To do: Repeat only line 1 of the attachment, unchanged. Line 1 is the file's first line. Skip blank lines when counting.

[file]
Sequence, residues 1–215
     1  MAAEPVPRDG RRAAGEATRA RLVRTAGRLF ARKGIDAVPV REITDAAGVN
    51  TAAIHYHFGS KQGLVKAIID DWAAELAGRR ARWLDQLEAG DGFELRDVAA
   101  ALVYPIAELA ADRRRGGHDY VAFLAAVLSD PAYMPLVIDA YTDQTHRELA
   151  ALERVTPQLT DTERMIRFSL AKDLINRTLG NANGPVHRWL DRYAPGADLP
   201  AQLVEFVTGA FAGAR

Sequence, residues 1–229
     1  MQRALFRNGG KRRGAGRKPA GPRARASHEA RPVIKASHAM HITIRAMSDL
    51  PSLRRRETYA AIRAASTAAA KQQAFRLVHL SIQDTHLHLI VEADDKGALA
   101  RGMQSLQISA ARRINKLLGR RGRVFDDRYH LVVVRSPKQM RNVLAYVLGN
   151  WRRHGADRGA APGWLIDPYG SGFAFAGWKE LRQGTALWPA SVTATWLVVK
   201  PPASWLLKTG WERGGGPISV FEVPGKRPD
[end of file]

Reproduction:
Sequence, residues 1–215